OCR Interpretation


The Altamont enterprise. (Altamont, N.Y.) 1983-2006, August 25, 2005, Image 1

Image and text provided by Guilderland Public Library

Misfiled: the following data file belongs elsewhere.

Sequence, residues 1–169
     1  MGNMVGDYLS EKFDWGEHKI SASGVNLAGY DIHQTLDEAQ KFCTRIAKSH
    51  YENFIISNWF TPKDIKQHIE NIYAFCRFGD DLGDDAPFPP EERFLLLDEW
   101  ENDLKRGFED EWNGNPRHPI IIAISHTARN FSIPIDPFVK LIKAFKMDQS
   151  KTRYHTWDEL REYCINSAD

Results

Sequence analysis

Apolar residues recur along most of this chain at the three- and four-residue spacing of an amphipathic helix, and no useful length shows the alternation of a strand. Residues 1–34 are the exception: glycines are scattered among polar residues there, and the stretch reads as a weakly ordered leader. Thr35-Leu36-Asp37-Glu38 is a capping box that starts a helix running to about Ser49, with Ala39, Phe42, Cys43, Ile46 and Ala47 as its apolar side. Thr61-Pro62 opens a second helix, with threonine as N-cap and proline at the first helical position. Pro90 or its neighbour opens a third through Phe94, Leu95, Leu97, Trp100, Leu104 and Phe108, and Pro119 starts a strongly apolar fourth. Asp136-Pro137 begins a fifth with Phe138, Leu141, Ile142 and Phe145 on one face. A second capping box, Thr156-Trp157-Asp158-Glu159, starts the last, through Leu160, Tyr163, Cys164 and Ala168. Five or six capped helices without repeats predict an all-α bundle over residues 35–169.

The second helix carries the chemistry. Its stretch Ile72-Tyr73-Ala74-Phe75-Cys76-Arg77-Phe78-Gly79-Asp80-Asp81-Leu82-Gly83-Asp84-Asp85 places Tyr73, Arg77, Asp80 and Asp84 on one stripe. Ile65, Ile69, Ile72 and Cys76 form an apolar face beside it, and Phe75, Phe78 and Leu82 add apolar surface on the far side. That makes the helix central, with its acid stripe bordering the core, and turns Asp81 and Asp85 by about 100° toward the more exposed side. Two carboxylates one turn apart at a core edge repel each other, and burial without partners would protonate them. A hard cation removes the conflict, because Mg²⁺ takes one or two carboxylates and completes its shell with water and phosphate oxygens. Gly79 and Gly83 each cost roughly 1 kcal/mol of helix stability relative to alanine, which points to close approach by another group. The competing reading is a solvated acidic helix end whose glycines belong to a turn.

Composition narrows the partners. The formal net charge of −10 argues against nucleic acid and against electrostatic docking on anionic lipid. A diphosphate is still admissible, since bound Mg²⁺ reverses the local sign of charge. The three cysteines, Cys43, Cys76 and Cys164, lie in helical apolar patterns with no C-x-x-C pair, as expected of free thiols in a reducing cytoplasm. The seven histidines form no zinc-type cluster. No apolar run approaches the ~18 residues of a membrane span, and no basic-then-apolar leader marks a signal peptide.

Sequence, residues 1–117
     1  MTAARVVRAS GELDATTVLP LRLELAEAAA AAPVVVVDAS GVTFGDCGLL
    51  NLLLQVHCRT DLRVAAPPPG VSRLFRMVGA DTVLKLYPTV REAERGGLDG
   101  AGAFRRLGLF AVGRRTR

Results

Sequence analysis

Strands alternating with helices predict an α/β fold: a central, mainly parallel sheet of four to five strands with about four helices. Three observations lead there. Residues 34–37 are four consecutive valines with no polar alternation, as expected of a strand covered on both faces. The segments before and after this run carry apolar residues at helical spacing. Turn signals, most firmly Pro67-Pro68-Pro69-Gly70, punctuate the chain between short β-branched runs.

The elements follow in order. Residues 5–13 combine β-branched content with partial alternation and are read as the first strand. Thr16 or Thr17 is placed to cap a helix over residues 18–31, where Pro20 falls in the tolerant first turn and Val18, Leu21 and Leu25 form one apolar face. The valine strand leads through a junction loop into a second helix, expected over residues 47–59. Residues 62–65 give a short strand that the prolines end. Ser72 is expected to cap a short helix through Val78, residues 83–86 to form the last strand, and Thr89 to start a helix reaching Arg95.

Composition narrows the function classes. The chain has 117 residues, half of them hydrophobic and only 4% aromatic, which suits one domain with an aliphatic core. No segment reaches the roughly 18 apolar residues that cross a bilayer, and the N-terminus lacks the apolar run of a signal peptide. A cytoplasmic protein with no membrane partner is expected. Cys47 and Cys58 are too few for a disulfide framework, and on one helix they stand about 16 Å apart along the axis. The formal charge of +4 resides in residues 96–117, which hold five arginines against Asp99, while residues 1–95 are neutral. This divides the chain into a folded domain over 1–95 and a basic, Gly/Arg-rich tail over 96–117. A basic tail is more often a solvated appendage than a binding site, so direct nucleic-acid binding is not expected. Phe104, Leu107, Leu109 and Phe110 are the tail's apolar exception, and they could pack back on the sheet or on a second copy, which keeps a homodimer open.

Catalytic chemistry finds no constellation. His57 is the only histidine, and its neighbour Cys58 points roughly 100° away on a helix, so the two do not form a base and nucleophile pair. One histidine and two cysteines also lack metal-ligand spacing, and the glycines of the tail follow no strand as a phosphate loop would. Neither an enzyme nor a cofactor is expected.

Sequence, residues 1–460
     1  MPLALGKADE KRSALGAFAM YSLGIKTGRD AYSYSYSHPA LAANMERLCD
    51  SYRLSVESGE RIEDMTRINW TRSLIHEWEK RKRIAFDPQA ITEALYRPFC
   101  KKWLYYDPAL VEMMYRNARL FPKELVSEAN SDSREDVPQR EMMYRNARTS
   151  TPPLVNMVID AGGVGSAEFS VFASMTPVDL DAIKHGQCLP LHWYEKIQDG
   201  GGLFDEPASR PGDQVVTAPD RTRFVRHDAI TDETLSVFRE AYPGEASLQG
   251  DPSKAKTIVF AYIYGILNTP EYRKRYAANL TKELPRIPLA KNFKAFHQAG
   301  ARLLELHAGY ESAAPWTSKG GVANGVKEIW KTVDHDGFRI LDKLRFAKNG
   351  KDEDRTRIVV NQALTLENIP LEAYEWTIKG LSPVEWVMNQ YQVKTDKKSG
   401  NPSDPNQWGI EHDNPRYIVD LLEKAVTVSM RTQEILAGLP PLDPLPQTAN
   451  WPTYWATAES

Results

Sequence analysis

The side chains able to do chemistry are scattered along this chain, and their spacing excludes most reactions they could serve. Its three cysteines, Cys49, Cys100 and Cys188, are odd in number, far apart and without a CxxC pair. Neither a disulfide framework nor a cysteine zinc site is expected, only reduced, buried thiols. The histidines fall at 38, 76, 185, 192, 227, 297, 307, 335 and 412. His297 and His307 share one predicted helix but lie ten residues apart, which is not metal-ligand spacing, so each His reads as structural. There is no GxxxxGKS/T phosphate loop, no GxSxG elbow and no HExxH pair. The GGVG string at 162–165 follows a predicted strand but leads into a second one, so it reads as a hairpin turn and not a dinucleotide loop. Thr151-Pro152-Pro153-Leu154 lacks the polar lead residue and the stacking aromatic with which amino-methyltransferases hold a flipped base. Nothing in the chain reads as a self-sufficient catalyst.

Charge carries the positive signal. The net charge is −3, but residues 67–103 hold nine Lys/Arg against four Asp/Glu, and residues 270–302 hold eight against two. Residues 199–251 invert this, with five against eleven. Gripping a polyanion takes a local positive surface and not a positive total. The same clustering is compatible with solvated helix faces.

Persistent link: http://nyshistoricnewspapers.org/lccn/sn86011850/2005-08-25/ed-1/seq-1/


Thumbnail for 1